29/01/2019 19:57 GMT | Updated 30/01/2019 10:27 GMT

No-Deal Brexit More Likely As MPs Reject Bid To Extend Article 50 Deadline

Path now clear for ministers to renegotiate with Brussels, but remainers fear UK could crash out of EU.

Theresa May has emerged victorious from her latest Brexit battle after MPs rejected a Labour backbencher’s bid for parliament to take control of the process. 

An amendment to the prime minister’s plan B by Yvette Cooper was defeated by 321 to 298 after Tory hardliners and the DUP united with 14 Labour rebels. 

The move would have cleared the parliamentary timetable for MPs to thrash out an alternative Brexit strategy and could have forced May to extend Article 50 to fend off the threat of no-deal. 

But, despite heightened speculation and some high-profile Tories backing Cooper’s plan, it was squashed by a majority of 23. 

In a separate development, there was a glimmer of hope for remainers as a majority of MPs voted for an amendment calling for May to refuse a no-deal exit. 

The PM can choose to ignore the amendment, tabled by Tory MP Caroline Spelman, however, as it is not legally binding.

May will now make a last-ditch attempt to save her Brexit plan as she confirmed for the first time that she will ask Brussels to reopen the withdrawal agreement. 

The PM’s last hope is that the controversial Northern Irish backstop, so bitterly opposed by the DUP and Tory Brexiteers, can be renegotiated before Brexit day on March 29.

The 14 Labour MPs who voted against Cooper’s amendment 

Ian Austin 

Kevin Barron 

Ronnie Campbell 

Rosie Cooper 

Jim Fitzpatrick 

Caroline Flint 

Roger Godsiff 

Stephen Hepburn 

Kate Hoey 

John Mann 

Dennis Skinner 

Laura Smith 

Gareth Snell 

Graham Stringer 

Calling on parliament to reject Cooper’s plan, May asked MPs to “send an emphatic message” to Brussels about the deal the UK wanted. 

“Today we have the chance to show the EU what it will take to get a deal through this House of Commons, what it will take to move beyond the confusion and division and uncertainty that now hangs over us, and onto the bright, new, close, open relationship we want to build and can build with our European friends in the years ahead,” May told the Commons.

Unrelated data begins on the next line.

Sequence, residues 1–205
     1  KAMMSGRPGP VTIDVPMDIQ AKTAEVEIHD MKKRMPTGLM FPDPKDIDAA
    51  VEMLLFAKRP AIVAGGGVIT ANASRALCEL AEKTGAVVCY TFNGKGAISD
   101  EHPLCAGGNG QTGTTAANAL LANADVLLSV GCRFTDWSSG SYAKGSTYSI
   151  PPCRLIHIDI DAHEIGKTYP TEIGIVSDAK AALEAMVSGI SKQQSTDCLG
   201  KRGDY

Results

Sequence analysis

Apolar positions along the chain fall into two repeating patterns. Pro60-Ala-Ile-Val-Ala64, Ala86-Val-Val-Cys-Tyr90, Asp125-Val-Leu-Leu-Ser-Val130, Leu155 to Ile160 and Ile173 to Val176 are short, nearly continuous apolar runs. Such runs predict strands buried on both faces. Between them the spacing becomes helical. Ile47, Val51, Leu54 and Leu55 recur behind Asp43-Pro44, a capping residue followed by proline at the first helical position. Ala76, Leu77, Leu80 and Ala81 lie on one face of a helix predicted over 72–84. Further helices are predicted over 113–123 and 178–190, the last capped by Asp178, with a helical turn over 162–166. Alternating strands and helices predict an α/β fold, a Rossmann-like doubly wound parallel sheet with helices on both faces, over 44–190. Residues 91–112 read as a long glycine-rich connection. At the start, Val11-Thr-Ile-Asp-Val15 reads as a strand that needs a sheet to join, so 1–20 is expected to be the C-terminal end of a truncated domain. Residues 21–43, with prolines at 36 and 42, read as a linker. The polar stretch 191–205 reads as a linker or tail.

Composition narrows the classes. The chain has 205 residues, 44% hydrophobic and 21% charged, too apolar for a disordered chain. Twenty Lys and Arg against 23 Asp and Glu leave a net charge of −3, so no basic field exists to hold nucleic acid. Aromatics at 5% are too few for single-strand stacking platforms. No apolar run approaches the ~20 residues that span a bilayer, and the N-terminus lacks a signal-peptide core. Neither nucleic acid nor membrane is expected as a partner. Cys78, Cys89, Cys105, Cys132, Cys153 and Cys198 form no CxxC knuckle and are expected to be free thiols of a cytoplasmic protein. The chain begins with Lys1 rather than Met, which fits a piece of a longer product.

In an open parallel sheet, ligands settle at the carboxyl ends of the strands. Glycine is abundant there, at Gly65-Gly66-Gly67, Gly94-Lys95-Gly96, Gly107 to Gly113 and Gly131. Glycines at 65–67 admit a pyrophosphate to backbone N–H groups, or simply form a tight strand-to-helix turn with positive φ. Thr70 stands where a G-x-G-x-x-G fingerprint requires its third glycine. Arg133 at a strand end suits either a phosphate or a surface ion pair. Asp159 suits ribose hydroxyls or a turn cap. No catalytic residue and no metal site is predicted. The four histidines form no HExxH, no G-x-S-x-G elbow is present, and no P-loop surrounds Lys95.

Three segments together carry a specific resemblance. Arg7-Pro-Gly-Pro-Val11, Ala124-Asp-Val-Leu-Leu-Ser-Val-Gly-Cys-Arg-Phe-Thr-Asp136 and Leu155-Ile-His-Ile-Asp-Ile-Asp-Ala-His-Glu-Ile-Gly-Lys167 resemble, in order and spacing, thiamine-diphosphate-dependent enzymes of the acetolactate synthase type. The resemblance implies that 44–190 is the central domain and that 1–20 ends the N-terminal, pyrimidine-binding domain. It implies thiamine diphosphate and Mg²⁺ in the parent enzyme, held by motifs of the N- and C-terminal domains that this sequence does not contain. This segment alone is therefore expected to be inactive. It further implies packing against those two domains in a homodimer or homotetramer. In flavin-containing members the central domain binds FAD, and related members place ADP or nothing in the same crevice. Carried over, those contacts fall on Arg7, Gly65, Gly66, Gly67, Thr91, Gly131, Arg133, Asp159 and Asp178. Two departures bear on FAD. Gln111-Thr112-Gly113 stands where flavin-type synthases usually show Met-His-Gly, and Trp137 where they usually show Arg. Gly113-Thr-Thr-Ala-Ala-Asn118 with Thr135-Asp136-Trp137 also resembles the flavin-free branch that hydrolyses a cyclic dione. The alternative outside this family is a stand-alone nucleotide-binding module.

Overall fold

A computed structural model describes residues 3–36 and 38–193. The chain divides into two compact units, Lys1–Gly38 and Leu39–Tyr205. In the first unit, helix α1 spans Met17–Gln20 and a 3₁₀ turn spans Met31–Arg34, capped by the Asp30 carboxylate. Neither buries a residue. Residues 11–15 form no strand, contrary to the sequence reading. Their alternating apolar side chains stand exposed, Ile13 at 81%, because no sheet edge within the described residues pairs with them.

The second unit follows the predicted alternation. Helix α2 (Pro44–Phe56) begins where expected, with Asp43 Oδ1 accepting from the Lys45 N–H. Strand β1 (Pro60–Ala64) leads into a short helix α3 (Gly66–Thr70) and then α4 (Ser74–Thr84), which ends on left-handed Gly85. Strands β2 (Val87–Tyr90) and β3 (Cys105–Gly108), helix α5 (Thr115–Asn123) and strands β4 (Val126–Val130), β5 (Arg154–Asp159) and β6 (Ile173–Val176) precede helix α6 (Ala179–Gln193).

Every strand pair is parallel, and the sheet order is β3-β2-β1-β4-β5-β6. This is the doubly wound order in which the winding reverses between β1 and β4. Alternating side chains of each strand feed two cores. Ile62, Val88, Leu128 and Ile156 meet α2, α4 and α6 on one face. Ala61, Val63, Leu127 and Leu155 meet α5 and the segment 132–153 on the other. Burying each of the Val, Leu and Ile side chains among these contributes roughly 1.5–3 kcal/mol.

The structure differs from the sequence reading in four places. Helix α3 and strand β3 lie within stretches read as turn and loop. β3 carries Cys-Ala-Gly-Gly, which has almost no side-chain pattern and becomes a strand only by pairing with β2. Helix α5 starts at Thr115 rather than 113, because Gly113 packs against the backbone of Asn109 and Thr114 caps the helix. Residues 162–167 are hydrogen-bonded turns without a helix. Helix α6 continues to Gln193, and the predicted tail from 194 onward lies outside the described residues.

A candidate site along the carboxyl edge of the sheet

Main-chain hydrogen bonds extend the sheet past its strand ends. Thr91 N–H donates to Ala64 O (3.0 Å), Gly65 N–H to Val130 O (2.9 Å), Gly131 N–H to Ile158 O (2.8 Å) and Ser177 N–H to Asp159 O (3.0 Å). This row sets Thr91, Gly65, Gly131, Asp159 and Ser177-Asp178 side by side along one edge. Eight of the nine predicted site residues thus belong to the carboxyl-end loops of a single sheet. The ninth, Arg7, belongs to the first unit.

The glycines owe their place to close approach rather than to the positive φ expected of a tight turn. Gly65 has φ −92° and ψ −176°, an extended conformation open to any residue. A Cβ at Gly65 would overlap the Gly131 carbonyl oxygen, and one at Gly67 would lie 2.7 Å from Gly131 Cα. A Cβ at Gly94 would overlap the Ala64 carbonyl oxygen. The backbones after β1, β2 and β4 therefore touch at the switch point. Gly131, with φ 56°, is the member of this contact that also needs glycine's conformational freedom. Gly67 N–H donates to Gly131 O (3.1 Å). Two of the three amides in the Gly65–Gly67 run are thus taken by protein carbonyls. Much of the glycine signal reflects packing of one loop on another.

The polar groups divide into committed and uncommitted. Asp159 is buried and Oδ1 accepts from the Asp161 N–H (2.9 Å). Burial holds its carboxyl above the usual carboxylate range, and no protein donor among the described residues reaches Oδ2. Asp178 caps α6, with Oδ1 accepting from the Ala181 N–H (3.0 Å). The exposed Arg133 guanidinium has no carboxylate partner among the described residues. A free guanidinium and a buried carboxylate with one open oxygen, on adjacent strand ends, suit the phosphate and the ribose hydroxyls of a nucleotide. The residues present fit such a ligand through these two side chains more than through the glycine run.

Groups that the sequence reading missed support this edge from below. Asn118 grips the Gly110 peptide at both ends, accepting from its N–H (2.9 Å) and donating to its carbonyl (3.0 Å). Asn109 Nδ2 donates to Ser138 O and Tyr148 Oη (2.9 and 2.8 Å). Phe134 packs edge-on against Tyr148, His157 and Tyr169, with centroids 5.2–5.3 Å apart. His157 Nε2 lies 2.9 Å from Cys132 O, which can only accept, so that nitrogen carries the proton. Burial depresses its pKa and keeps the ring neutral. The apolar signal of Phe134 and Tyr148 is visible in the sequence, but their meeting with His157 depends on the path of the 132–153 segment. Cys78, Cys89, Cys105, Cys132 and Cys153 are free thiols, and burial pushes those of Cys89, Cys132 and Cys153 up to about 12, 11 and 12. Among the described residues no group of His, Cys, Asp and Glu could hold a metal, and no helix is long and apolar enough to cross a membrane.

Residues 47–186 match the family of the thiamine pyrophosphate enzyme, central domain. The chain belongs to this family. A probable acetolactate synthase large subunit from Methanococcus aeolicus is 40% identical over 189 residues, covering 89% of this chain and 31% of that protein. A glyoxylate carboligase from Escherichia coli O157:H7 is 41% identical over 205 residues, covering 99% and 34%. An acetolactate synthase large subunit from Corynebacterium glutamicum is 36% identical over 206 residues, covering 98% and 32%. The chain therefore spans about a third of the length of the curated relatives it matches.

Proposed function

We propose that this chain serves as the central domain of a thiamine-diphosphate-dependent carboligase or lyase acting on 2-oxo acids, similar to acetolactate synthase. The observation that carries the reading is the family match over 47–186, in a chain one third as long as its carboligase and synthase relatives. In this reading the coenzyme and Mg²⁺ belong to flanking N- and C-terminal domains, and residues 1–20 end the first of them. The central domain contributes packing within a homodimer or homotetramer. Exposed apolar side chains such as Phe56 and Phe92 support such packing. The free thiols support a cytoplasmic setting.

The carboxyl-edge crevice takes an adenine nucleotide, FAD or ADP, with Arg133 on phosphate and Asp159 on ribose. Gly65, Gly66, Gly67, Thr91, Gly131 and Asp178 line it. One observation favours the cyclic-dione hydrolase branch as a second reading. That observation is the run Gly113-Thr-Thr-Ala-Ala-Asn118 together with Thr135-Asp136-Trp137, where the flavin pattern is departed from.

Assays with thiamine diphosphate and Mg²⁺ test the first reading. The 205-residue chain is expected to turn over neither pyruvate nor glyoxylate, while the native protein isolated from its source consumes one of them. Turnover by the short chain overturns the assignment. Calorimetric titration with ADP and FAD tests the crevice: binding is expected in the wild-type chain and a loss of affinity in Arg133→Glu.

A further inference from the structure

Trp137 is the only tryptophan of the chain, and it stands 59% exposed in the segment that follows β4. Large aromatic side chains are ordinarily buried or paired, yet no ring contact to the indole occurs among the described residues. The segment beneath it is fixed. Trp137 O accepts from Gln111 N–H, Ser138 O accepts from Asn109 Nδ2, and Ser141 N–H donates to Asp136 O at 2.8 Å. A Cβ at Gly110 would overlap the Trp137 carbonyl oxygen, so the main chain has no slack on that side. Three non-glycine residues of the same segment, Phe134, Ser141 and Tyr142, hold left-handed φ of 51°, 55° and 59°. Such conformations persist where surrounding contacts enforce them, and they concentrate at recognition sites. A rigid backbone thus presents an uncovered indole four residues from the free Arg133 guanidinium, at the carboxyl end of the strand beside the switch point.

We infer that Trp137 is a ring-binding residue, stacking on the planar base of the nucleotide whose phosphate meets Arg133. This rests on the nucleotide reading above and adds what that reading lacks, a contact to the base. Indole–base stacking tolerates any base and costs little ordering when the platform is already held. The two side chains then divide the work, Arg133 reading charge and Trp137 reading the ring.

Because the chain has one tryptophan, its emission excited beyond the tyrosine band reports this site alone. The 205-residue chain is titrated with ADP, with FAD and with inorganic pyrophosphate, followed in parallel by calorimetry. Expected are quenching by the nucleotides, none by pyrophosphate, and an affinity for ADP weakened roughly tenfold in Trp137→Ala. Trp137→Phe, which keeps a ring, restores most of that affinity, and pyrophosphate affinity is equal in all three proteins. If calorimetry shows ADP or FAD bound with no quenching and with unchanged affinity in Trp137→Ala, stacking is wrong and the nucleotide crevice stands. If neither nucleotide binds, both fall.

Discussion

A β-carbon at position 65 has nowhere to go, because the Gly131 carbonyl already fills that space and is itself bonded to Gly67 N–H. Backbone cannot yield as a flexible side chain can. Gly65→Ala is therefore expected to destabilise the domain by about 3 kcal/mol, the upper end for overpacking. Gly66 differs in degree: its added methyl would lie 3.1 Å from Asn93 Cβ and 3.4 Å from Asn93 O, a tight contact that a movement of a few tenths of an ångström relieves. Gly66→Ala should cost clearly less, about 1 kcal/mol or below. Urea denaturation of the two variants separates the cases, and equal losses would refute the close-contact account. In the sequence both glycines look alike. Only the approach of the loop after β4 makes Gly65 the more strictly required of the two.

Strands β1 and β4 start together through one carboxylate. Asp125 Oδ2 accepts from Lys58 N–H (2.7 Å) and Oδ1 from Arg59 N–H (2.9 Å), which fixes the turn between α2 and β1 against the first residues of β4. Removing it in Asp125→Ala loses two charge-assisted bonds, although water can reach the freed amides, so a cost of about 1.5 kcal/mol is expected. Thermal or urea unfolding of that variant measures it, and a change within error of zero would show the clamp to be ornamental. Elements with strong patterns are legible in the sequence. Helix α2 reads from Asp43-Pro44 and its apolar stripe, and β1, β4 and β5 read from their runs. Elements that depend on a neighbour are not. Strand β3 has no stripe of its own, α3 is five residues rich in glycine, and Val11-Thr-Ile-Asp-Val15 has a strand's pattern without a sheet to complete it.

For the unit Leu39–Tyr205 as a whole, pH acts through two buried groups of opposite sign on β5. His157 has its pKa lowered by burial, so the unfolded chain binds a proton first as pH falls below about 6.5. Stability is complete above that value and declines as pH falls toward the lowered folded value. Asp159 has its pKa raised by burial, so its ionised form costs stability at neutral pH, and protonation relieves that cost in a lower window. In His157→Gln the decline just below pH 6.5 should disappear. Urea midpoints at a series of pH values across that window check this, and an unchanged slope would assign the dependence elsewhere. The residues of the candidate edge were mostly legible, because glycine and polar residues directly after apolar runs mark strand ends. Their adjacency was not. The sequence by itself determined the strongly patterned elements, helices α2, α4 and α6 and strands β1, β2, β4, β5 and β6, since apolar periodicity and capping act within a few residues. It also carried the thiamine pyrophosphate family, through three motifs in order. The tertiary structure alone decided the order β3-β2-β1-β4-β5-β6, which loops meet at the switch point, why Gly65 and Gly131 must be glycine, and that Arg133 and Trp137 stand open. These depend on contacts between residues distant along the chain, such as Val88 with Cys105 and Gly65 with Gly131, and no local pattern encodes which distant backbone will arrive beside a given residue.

But after the key victory for the government in parliament on Tuesday night, remain-minded MPs were left fearing the UK was exposed to the threat of no-deal – the legal default should May fail to secure a Brexit deal parliament can support. 

Appealing for MPs to back her amendment, Cooper had said it offered a “safety net” against no-deal. 

She added: “Now I’ve always believed that the prime minister would not let this happen, I always believed that she would flinch when it came to the crunch, that she is not the sort of person who would want to make other people suffer because of her delays and mistakes.

The 17 Tory MPs who voted for Cooper’s amendment 

Heidi Allen 

Guto Bebb 

Nick Boles 

Ken Clarke 

Jonathan Djanogly 

George Freeman 

Justine Greening 

Dominic Grieve 

Sam Gyimah 

Phillip Lee 

Oliver Letwin 

Antoinette Sandbach 

Nicholas Soames

Anna Soubry 

Andrew Stephenson

Ed Vaizey 

Sarah Wollaston 

“But my worry is that when I look into her eyes now, I am worried that that has changed because she is trapped. Because every time the Prime Minister has had the chance to pull back and to reach out, she’s done the opposite.” 

It came as hardline Brexiteers in the ERG faction of Tory MPs confirmed its MPs would join the DUP in offering May a “last chance” to secure a deal.

They were set to throw their weight behind a government-backed amendment by Conservative backbencher Sir Graham Brady that says the Commons will support a deal if “alternative arrangements” to the backstop were found. 

Ministers think MPs underlining their position will strengthen May’s hand in talks with EU leaders. 

Confirming he would vote with the government, Tory former Brexit secretary Dominic Raab said Cooper’s amendment would have led to “understandable fears that actually it is a ruse to reverse or frustrate Brexit”.

He added: “I want to, for my part, strengthen the hand of this Prime Minister and this Government in returning to Brussels and I believe that there are a range of changes that would render the Withdrawal Agreement and in particular the backstop acceptable to myself, but also more generally across this House.

“That could be in the form of a sunset mechanism or an exit mechanism over which we exercise control but with assurances to our friends and partners in Dublin around its exercise.”